Inferno, Dante Alighieri

Inferno, DanteInferno by Dante Alighieri
Translated by Robin Kirkpatrick

First Published: c.1308-1321
Translation Published:
2006 (this translation)
Pages: 449 including notes and original Italian  – plus introduction (Hardback)
Form: Epic Poetry
Series: The Divine Comedy #1

Rating:

Dante’s epic in a new, sumptuous and delightful clothbound edition.

Describing Dante’s descent into Hell midway through his life with Virgil as a guide, Inferno depicts a cruel underworld in which desperate figures are condemned to eternal damnation for committing one or more of seven deadly sins. As he descends through nine concentric circles of increasingly agonising torture, Dante encounters doomed souls including the pagan Aeneas, the liar Odysseus, the suicide Cleopatra, and his own political enemies, damned for their deceit. Led by leering demons, the poet must ultimately journey with Virgil to the deepest level of all. For it is only by encountering Satan, in the heart of Hell, that he can truly understand the tragedy of sin.

A belated review for a poem I finished a few weeks ago. And a confession:  somewhere around page LXXV of the CIV length introduction to the poem I gave up (I always read intros after the main book now, been spoiled too often). It wasn’t a bad introduction, it was actually very good – lots of interesting information – but it was all a bit much to absorb for me at the time, I’ll get back to it later, I’m sure – but it’s heavy going. Which, funnily enough, the text of the poem isn’t. It’s lively and funny and very, very vivid.

My favourite bit, predictably, was the fusion of both classical and biblical imagery and mythology – in Dante’s Hell centaurs and harpies and all sorts of beings from Greek and Roman myth all have their place, representing the wild and the pagan, among the more expected images of Satan and his devils from Christian theology. Then there’s the sinners and the very, very, detailed description’s of the ironic punishments inflicted on them for their crimes. It’s all so unrelentingly visual I kind of wish someone would make an animated version (well ok, somebody has but I wish someone would make one that looks good, using a single narrator simply reading the poem and a twisted, gothic, painterly type animation style or creepy stop-motion, something less determinedly bland and generic and that actually reflects the feel of the poem). Oh well, I have Gustave Dore’s wonderful black and white illustrations to admire and fawn over at least.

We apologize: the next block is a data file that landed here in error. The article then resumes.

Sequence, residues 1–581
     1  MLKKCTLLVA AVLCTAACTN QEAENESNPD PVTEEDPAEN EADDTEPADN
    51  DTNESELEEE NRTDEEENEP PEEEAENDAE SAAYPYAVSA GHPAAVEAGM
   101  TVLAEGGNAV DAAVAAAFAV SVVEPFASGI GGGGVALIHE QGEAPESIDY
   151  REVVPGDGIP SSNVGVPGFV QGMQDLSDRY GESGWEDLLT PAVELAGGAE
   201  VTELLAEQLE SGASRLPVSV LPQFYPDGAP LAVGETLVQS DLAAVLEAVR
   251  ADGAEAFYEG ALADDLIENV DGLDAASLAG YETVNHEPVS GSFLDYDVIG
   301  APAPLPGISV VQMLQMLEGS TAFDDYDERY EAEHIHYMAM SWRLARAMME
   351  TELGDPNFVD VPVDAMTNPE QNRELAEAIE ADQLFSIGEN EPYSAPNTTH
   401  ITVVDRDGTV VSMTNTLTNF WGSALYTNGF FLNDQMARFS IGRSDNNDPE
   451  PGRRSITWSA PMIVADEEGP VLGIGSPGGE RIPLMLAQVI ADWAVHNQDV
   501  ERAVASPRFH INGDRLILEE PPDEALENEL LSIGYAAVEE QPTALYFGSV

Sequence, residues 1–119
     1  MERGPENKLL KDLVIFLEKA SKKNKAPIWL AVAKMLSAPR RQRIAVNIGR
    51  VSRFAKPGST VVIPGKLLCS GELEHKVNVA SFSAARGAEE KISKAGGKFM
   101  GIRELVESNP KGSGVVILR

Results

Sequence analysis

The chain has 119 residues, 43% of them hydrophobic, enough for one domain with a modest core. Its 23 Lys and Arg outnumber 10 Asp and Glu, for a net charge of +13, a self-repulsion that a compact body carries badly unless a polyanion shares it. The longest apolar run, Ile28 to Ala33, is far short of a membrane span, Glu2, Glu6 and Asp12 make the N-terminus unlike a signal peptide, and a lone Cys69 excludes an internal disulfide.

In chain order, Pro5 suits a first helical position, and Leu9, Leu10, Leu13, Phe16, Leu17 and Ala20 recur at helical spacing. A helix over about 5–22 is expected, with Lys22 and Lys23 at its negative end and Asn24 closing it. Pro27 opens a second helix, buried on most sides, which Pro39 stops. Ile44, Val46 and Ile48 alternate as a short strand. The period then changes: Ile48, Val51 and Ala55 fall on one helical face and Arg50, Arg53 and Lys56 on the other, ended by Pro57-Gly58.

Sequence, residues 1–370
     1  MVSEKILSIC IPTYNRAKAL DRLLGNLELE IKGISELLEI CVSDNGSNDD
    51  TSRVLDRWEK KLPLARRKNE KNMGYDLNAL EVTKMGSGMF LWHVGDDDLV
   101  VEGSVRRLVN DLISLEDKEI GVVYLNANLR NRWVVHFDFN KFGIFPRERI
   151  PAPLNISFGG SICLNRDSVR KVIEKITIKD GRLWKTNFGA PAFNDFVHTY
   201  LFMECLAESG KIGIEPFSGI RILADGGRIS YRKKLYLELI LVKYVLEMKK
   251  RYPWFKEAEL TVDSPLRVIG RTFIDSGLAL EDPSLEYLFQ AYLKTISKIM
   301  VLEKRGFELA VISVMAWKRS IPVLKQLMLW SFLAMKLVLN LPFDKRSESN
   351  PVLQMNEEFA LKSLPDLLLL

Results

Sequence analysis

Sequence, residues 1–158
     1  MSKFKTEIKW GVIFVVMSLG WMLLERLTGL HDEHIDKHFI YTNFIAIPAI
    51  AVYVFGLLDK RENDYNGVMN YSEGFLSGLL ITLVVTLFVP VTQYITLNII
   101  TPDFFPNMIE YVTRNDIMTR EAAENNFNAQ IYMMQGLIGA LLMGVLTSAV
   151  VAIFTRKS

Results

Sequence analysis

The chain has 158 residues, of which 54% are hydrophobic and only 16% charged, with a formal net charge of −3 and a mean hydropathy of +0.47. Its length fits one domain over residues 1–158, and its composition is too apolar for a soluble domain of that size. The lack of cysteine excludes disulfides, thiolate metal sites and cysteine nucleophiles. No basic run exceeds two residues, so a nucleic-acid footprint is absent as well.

Of course, Dante’s Inferno is about more than showing a gloriously detailed vision of Hell and torture. It’s self promotion, political criticism, a lesson in morals, and an attack on anybody and everybody who Dante didn’t like. If I knew more about 13th Century Florence politics or if I had managed to finish the introduction I’m sure I would be able to discuss these elements a bit better, but I don’t and I didn’t. I got some of the themes and I looked up the reference in each Canto so I could probably bullshit a little analysis, but this isn’t school and I’d rather not sound like an arsehole pretending to know more than I really do. The themes were recognisably there, though anyone reading this will almost certainly want an edition with endnotes (mine were invaluable and very very interesting) but I still found it highly enjoyable despite being unable to fully appreciate all the nuances and references.  I have a gut feeling though that Purgatorio and Paradiso will be harder to enjoy without detailed knowledge…but we’ll see. I think I’ll want to read that intro in full before embarking on them – I don’t have much faith in either being as easy or exciting to visualise as the tortures of hell, but then I’ve always been a bit mor

Though speaking of the second and third book in The Divine Comedy, I do have a bit of a grievance: Penguin only does them in their bog standard paperback classic cover designs so it’s impossible for me to get a matching set. I mean, what the fuck is the point of issuing book one of a trilogy in a beautiful clothbound edition if you’re not going to do the same for book two and three. Why would anybody do that? WHY? Ok, so realistically, I know that Inferno is probably the only one a lot of people are interested in, that ‘covers shouldn’t matter’ (bollocks), and that this is a fucking beautiful edition with that cover and it’s side by side Italian and English so it’s brattish to complain – but it’s still a dick move not to bring out clothbound versions of the others and I’ve never been scared of being a brat. I want a matching set, damnit!

Bah! At least this one’s a poem I will probably reread while I wait for Penguin to get its shit together, if only to pick up on the bits I missed first time through.

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